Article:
Verse > Anthologies > James and Mary Ford, eds. > Every Day in the Year
James and Mary Ford, eds.  Every Day in the Year.  1902.
May 1
Lines on a Late Hospicious Ewent
By William Makepeace Thackeray (1811–1863)
          By a Gentleman of the Foot-Guards. (Blue.)
  Prince Arthur was the third son of Queen Victoria. He was born on May 1, the birth day of the Duke of Wellington, and was named after him.

I PACED upon my beat
  With steady step and slow,
All huppandawnd of Ranelagh Street;
  Ran’lagh St. Pimlico.
While marching huppandownd        5
  Upon that fair May morn,
Beold the booming cannings sound,
  A royal child is born!
The Ministers of State
  Then presnly I sor,        10
They gallops to the Pallis gate,
  In carridges and for.
With anxious looks intent,
  Before the gate they stop,
There comes the good Lord President,        15
  And there the Archbishopp.
Lord John he next elights;
  And who comes here in haste?
’Tis the ero of one underd fights,
  The caudle for to taste.        20
Then Mrs. Lily, the nuss,
  Towards them steps with joy;
Says the brave old Duke, “Come tell to us,
  Is it a gal or a boy?”
Says Mrs. L. to the Duke,        25
  “Your Grace, it is a Prince.”
And at that nuss’s bold rebuke
  He did both laugh and wince.
He vews with pleasant look
  This pooty flower of May,        30
Then says the wenerable Duke,
  “Egad, it’s my buthday.”
By memory backards borne,
  Peraps his thoughts did stray
To that old place where he was born        35
  Upon the first of May.
Perhaps he did recall
  The ancient towers of Trim;
And County Meath and Dangan Hall
  They did rewisit him.        40
I phansy of him so
  His good old thoughts employin’;
Fourscore years and one ago
  Beside the flowin’ Boyne.
His father praps he sees,        45
  Most musicle of Lords,
A playing maddrigles and glees
  Upon the Arpiscords.
Jest phansy this old Ero
  Upon his mother’s knee!        50
Did ever lady in this land
  Ave greater sons than she?
And I shouldn be surprize
  While this was in his mind,
If a drop there twinkled in his eyes        55
  Of unfamiliar brind.
*        *        *        *        *
To Hapsly Ouse next day
  Drives up a Broosh and for,
A gracious prince sits in that Shay
  (I mention him with Hor!).        60
They ring upon the bell,
  The Porter shows his Ed,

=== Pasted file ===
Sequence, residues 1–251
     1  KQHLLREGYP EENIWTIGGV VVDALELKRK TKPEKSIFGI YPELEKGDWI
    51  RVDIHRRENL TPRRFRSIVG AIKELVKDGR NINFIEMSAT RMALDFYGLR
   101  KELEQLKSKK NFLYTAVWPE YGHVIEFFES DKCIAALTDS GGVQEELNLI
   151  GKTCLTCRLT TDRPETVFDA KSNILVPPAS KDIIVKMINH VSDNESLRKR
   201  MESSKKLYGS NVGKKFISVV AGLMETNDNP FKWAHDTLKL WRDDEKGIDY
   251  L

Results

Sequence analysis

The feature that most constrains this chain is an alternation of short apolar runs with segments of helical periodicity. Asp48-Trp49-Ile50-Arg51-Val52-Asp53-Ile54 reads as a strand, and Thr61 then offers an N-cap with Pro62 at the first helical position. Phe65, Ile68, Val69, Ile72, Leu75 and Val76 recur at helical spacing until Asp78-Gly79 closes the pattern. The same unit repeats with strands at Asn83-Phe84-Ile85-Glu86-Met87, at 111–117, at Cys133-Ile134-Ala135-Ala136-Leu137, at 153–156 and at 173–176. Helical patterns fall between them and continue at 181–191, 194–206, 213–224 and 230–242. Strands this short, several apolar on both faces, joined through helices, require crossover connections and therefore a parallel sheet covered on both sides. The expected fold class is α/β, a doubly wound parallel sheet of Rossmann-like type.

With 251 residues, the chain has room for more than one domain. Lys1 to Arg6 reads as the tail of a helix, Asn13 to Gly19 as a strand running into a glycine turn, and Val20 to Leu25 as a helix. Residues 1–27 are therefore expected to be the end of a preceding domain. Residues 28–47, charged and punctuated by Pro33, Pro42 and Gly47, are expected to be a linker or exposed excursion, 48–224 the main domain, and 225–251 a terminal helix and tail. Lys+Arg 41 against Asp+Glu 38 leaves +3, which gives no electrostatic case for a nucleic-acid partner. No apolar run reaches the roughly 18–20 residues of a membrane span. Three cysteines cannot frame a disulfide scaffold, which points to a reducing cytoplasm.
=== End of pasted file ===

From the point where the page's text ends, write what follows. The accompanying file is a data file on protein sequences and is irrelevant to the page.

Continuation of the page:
(He fought at Vaterloo as vell,
  And vears a Veskit red).
To see that carriage come,        65
  The people round it press:
“And is the galliant Duke at ome?”
  “Your Royal Ighness, yes,”
He stepps from out the Broosh
  And in the gate is gone;        70
And X, although the people push,
  Says wery kind, “Move hon.”
The Royal Prince unto
  The galliant Duke did say,
“Dear Duke, my little son and you        75
  Was born the self-same day.
“The Lady of the land,
  My wife and Sovring dear,
It is by her horgust command
  I wait upon you here.        80
“That lady is as well
  As can expected be;
And to your Grace she bid me tell
  This gracious message free.
“That offspring of our race,        85
  Whom yesterday you see,
To show our honour for your Grace,
  Prince Arthur he shall be.
“That name it rhymes to fame;
  All Europe knows the sound:        90
And I couldn’t find a better name
  If you’d give me twenty pound.
“King Arthur had his knights
  That girt his table round,
But you have won a hundred fights,        95
  Will match ’em, I’ll be bound.
“You fought with Bonypart,
  And likewise Tippoo Saib;
I name you then with all my heart
  The Godsire of this babe.”        100
That Prince his leave was took,
  His hinterview was done,
So let us give the good old Duke
  Good luck of his god-son,
And wish him years of joy        105
  In this our time of Schism,
And hope he’ll hear the Royal boy
  His little catechism.
And my pooty little Prince
  That’s come our arts to cheer,        110
Let me my loyal powers ewince
  A welcomin of you ere.
And the Poit-Laureat’s crownd,
  I think, in some respex,
Egstremely shootable might be found        115
  For honest Pleaseman X.

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